The Union Stock Yards & Transit Company of Chicago, hereinafter called Transit Company, was incorporated in 1865 to operate stockyards in Chicago. Its business was profitable. Frederick H. Prince became a stockholder. In 1890, packers, who were the company's principal source of business, threatened to remove their plants from Chicago unless they were given a share in its profits. Due to limitations in its charter, the corporation could not raise funds necessary to buy off the packers. Mr. Prince and other stockholders met the situation by organizing a holding company under the law of New Jersey, The Chicago Junction Railways & Union Stock Yards Company, hereinafter called the New Jersey Company, which acquired all of the capital stock of the Transit Company. The capital structure at organization was 65,000 shares each of preferred and common, all of $100 par. Collateral trust bonds, secured by Transit Company stock, were issued, of which $14,000,000 were ultimately outstanding.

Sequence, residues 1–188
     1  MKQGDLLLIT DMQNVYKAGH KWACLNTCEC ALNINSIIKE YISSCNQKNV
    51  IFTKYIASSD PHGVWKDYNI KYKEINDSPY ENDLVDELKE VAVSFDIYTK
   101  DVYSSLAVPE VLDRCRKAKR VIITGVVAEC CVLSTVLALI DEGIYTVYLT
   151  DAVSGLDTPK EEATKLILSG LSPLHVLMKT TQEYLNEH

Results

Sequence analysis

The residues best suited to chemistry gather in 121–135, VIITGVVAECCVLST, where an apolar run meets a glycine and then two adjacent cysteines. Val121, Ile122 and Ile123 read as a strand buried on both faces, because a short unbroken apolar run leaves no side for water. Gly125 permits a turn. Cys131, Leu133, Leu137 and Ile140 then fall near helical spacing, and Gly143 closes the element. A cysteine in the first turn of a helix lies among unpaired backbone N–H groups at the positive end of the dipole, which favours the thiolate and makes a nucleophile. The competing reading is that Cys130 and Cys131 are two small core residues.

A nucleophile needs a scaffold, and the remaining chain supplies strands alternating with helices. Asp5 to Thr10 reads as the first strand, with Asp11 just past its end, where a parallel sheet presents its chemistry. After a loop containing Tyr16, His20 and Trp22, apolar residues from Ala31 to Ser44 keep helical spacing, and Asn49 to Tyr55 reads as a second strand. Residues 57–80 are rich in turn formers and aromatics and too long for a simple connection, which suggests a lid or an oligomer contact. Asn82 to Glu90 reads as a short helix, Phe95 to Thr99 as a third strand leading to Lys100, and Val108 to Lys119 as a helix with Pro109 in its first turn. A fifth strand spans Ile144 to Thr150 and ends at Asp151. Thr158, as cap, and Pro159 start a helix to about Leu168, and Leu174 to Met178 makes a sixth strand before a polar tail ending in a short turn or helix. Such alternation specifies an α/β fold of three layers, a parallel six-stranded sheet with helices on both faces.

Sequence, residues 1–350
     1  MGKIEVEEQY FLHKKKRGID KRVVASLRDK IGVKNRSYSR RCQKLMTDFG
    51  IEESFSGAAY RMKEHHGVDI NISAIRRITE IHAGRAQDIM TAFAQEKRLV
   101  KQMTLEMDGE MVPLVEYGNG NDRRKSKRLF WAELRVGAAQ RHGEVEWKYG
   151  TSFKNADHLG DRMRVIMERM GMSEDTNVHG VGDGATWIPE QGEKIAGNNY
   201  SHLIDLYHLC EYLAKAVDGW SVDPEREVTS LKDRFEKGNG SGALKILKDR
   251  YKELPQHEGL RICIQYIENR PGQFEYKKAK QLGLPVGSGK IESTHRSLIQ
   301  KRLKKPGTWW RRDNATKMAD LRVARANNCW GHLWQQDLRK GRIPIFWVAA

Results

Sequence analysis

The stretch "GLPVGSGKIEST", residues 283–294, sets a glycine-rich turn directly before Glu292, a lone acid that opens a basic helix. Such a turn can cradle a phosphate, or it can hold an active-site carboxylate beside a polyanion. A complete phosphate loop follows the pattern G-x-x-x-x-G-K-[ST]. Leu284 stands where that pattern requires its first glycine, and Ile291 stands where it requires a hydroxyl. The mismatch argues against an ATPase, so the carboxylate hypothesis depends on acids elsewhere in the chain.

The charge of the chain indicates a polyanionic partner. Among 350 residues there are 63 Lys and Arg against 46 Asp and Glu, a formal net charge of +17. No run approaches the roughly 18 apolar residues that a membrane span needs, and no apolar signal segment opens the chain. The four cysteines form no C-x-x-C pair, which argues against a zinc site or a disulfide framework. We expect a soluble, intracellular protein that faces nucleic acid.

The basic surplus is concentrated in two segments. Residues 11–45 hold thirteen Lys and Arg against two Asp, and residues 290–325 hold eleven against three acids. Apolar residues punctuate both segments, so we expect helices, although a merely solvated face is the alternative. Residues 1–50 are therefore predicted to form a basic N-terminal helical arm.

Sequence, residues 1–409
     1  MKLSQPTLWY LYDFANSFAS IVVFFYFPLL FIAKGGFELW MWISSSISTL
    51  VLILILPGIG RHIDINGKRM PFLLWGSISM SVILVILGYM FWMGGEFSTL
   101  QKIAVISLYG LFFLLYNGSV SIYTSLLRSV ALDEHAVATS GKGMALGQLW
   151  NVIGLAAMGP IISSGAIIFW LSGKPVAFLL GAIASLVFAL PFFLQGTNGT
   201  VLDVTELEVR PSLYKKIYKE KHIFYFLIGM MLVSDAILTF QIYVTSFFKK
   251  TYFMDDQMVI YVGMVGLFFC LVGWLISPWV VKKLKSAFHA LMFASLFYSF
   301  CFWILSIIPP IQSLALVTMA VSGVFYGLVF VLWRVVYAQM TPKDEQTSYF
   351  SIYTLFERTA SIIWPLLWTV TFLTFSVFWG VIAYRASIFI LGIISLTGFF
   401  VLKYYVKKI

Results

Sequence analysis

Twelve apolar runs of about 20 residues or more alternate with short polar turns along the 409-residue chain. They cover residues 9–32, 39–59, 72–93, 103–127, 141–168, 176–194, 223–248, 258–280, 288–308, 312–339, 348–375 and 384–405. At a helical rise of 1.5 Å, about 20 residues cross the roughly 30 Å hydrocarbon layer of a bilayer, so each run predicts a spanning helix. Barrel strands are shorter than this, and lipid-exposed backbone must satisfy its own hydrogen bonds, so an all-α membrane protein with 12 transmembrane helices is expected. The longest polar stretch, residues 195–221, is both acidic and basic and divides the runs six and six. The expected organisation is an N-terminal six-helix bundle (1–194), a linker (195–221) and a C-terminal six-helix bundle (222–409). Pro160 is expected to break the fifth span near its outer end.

The charter was to expire in 1940. The New Jersey Company came to own all of the stock of the Transit Company, of a railway company, a railroad company, and all beneficial interest in a real estate trust, which themselves, or through subsidiaries, pursued activities collateral to the stockyards' business. By payments in cash and its own bonds, it procured from the packers an agreement to maintain the stockyards at their then location for fifteen years.